In every country in the world, especially poor countries, people experience ill-health because of what they eat. Not eating enough nutritious foods, and eating too much unhealthy food means young children do not grow properly, women, especially when pregnant, do not get enough vitamins and minerals, and many more people are affected by overweight and non-communicable diseases such as diabetes and hyper-tension. This is often called “malnutrition” and is especially serious for young children, including babies, many of whom are not properly breastfed or receive inadequate nutrients when they are under the age of five.
Most people in South Africa live in cities, where life is difficult for poor people. Storing and preparing nutritious meals at home is made difficult by long commuting times, inadequate basic services and cooking facilities. As a result, many urban dwellers often rely on fast food or food that does not spoil, like fatty fried food and sugary snacks and drinks readily available along commuter routes, places of work and in neighbourhoods. Strained money and time budgets also affect the nutrition of babies and young children.
In fact, the whole system of things that bring food into neighbourhoods makes it easier and cheaper to create an environment around people that is flooded by food that is not sufficiently nutritious. This food systems also impacts on government interventions to improve diets and nutrition, such as Child Support Grant, or programmes designed to improve childhood nutrition, don’t reach their full potential. While South Africa has its own specific context, this is also the case in many other countries around the world.
The Nourished Child project seeks to understand what it would take to create a whole system of actions that will actually work for people who live in cities. This means ensuring that existing actions are better aligned with and supported by that food system, as well as designing new actions within the system that recognise the challenges in peoples’ lives.
We are going to provide evidence to know what this system of actions would look like. We will do this in a way that is not done very much: to actually start by listening to the people in urban settings who experience the problems we are talking about. We will talk to families who have children under the age of 5, as this is the group the evidence says needs most support, along with their mothers and other women who might have babies quite soon. We will seek to understand their neighbourhoods and find out what influences the foods they eat, and what could change that.
We will talk to them about the ways the government already tries to help them and whether they know about them, or are able to respond to them. And together, we will design a system of actions that would actually work for them and their children. We will also talk to the government about what they can do, especially about changes further back into the entire food system, as well as in urban planning. And we will bring into a broader conversation all the people who have influenced what these people eat. Together we will work to design a system that supports children and their mothers eating foods that support their health and development.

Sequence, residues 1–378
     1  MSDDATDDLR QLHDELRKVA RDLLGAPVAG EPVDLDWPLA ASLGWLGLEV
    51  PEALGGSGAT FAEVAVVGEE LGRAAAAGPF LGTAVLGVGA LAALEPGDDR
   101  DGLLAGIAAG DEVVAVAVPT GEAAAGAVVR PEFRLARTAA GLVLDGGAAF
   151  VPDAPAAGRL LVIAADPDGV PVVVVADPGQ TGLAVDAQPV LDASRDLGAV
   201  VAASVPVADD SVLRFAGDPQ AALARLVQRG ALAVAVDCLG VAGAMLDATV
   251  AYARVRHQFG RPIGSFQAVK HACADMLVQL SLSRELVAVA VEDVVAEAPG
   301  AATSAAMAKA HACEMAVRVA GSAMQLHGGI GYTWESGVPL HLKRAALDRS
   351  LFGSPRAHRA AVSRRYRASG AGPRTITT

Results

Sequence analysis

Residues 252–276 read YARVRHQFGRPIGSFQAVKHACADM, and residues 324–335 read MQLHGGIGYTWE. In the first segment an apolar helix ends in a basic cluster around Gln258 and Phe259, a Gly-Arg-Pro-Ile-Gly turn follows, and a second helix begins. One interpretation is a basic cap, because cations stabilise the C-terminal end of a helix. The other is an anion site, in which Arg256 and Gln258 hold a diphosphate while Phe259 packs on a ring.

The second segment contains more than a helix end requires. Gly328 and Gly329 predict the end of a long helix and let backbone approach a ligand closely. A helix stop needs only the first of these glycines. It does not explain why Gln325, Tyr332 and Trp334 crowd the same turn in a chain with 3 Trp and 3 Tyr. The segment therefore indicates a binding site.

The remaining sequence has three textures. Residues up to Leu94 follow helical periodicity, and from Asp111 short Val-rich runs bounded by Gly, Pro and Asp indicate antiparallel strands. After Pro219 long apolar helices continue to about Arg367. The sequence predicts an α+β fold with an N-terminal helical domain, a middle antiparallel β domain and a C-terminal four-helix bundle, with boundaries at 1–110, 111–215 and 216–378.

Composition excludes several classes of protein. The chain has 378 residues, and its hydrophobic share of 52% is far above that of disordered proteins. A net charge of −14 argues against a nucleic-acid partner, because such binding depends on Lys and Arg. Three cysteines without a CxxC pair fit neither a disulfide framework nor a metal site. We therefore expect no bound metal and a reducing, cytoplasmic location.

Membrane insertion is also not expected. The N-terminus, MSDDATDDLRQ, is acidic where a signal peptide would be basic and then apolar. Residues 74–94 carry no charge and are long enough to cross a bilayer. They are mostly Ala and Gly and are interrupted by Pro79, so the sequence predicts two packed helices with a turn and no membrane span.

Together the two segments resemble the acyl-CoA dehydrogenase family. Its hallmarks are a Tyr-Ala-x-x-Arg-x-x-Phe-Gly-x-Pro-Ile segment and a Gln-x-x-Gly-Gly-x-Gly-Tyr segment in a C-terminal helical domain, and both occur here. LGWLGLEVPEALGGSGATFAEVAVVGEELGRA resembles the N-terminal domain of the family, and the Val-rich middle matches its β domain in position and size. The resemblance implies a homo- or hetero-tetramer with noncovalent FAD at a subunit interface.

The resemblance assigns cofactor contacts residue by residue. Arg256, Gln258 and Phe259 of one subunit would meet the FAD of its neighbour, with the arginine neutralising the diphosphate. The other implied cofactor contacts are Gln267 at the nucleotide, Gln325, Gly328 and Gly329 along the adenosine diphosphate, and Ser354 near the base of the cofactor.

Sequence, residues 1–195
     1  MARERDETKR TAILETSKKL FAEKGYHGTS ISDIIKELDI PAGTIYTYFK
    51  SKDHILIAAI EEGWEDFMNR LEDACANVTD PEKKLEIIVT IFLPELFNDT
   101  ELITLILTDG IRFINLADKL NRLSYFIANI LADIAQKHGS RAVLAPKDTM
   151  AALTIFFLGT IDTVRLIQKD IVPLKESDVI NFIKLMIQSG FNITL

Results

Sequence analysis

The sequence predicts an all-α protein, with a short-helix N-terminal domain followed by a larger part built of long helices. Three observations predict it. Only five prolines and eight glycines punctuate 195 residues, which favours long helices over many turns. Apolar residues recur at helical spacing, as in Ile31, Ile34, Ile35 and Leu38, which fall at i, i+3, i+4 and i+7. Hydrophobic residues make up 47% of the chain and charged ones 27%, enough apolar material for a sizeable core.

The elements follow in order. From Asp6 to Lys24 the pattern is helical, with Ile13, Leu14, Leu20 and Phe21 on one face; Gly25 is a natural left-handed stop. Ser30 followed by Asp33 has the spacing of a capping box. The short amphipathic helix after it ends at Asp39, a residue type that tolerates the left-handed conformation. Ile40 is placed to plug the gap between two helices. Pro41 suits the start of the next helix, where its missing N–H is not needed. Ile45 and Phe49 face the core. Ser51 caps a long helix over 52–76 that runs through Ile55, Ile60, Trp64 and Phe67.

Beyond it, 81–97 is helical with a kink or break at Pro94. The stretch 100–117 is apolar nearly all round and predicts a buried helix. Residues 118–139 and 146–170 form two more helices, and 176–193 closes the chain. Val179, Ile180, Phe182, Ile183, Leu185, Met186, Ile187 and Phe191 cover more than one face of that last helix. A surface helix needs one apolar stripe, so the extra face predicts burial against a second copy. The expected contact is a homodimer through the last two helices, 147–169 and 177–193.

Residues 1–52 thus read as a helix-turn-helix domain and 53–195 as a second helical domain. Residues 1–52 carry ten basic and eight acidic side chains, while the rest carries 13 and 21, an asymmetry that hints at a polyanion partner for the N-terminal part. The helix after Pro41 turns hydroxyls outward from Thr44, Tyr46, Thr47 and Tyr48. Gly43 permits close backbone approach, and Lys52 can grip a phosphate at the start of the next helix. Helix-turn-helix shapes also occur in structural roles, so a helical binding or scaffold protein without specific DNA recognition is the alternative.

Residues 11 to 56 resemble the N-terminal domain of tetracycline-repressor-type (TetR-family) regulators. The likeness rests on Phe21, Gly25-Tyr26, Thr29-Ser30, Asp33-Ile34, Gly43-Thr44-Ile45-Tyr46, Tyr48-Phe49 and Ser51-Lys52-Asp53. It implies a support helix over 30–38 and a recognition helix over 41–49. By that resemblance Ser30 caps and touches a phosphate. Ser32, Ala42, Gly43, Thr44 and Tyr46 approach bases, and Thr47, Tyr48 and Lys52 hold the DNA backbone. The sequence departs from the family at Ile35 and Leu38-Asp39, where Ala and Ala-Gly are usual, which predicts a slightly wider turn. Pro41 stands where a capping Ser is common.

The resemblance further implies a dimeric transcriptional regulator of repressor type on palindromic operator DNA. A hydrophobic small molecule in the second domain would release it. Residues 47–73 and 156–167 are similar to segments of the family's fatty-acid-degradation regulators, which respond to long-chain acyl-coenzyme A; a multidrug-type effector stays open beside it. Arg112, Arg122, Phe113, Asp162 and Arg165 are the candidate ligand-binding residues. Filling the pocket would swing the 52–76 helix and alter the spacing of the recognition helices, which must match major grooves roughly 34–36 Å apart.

Our aim is to define and communicate what a systems approach to improving the quality of diets among children under 5 and women of childbearing age would look like in urban settings to address the double burden of malnutrition. To do so, the study has the following objectives and specific objectives:
The long-term vision of this study is to contribute to a reduction in the double burden of malnutrition in urban settings in the Western Cape, South Africa by improving the quality of diets among women and children under 5. The realization of this vision is beyond the timeframe of the proposed work, so we seek to establish the conditions under which this vision can be met. We seek to do so by increasing knowledge and shared understanding; enhancing agency and accountability; and accelerating implementation of effective action.
We seek to benefit 5 groups of beneficiaries, the first four of whom are directly involved in the study:
Masiphumelele, Cape Town, Western Cape
Worcester, Western Cape
Join us as we take a look at a day in the life of 4-year old Nosipho to see what she eats and what we can do together to ensure she has access to good nutrition daily.
The project’s aim is to define and communicate what a systems approach to improving the quality of diets among children under 5 and women of childbearing age would look like in urban settings to address the double burden of malnutrition, and works in Masiphumelele, Cape Town and Zweletemba, Worcester. The exhibition draws on photos from Samantha Reinders and quotes from research participants.
The exhibition also provides information on what existing government policies, programmes and initiatives shape the experiences of research participants and where opportunities for interventions lie.
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The Division Human Nutrition was established in 1991 as a department, and has is now a Division and part of the Department of Global Health.
The Division has evolved over many years and now offers an undergraduate professional degree and postgraduate programmes including a doctoral programme in nutritional sciences.
The core function and responsibility of the Western Cape Department of Health is to deliver a comprehensive package of health services to the people of the province.
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